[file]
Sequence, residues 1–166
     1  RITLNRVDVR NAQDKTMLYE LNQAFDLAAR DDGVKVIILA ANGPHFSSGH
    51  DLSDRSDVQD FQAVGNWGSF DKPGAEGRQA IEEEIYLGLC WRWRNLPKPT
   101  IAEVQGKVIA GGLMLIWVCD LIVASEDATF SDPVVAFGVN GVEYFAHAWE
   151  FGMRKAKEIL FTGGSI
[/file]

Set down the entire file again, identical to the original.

Sequence, residues 1–166
     1  RITLNRVDVR NAQDKTMLYE LNQAFDLAAR DDGVKVIILA ANGPHFSSGH
    51  DLSDRSDVQD FQAVGNWGSF DKPGAEGRQA IEEEIYLGLC WRWRNLPKPT
   101  IAEVQGKVIA GGLMLIWVCD LIVASEDATF SDPVVAFGVN GVEYFAHAWE
   151  FGMRKAKEIL FTGGSI